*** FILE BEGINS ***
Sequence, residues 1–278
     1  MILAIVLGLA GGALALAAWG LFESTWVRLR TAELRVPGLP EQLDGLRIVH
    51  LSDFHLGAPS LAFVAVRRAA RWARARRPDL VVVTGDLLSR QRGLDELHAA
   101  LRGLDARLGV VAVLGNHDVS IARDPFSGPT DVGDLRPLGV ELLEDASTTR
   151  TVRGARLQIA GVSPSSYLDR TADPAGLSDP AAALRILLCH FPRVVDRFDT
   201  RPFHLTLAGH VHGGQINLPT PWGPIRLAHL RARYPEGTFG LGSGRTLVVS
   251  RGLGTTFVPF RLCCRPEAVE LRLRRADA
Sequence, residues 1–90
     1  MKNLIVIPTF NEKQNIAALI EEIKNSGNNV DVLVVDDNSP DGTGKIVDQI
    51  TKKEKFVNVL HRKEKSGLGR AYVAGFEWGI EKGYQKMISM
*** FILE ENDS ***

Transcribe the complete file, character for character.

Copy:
Sequence, residues 1–278
     1  MILAIVLGLA GGALALAAWG LFESTWVRLR TAELRVPGLP EQLDGLRIVH
    51  LSDFHLGAPS LAFVAVRRAA RWARARRPDL VVVTGDLLSR QRGLDELHAA
   101  LRGLDARLGV VAVLGNHDVS IARDPFSGPT DVGDLRPLGV ELLEDASTTR
   151  TVRGARLQIA GVSPSSYLDR TADPAGLSDP AAALRILLCH FPRVVDRFDT
   201  RPFHLTLAGH VHGGQINLPT PWGPIRLAHL RARYPEGTFG LGSGRTLVVS
   251  RGLGTTFVPF RLCCRPEAVE LRLRRADA
Sequence, residues 1–90
     1  MKNLIVIPTF NEKQNIAALI EEIKNSGNNV DVLVVDDNSP DGTGKIVDQI
    51  TKKEKFVNVL HRKEKSGLGR AYVAGFEWGI EKGYQKMISM